He pointed out the direction from the province's Chief Medical Officer of Health Dr. Deena Hinshaw is that non-essential travel is not recommended. To go beyond that would restrict the public's fundamental rights, which must be balanced with public safety measures.

"We are listening to the concerns of our residents, but we cannot make decisions based on emotion or fear," Borrowman said. "We need to continue to follow the advice we receive ... Dr. Hinsahw has discouraged non-essential travel, however travelling between communities has not been prohibited." 

Caudill said as the municipality looks at reopening, there are many concerns to navigate, including the anxiety and fear around the spread of the virus through visitation. 

"There is increased fear and anxiety in residents and we are hearing that," she said. "Businesses also have many concerns. Some of them have been hit quite hard by the pandemic and they are keen to reopen because it is their livelihood and they also want to bring back employment.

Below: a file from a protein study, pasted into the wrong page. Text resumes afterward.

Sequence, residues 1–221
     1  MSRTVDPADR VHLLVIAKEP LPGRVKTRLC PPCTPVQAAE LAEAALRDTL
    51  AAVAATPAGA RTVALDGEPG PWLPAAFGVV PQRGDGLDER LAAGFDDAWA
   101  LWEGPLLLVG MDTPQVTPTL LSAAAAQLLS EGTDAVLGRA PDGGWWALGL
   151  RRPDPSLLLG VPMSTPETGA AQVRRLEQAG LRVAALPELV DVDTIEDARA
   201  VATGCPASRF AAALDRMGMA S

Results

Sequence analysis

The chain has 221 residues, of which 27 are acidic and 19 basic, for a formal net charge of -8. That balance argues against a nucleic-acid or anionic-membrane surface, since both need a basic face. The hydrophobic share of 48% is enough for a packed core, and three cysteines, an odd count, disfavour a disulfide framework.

"They are very concerned for their own safety, for the safety of their staff, for their customers and for all Canmore residents and there is also the reality they rely on visitors, many of them but not all, to stay afloat." 

Caudill said visitors are concerned about their safety as well, and while many have stayed away, they will be keen to get back into the mountains. 

She said everyone involved agrees that to just open the "flood gates" will not work, a quick return to normal visitation will be too much. What would be ideal is a phased approach. 

The challenge is in how to manage that return of visitation, she said, and recognizing there are complex reasons for why people come to Canmore. 

"We do know that we do want to keep the community safe," Caudill said.

"We want businesses to thrive, we want to encourage residents to shop local and we want to preserve the strong sense of community we have in Canmore, which includes being a welcoming and inclusive community – and we want to acknowledge the role of tourism in our town." 
 

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Tanya Foubert

About the Author: Tanya Foubert

Tanya Foubert started as a news reporter at the Rocky Mountain Outlook in 2006. She won the Canadian Community Newspaper Award for best news story for her coverage of the 2013 flood. In December 2018, she became editor of the Outlook.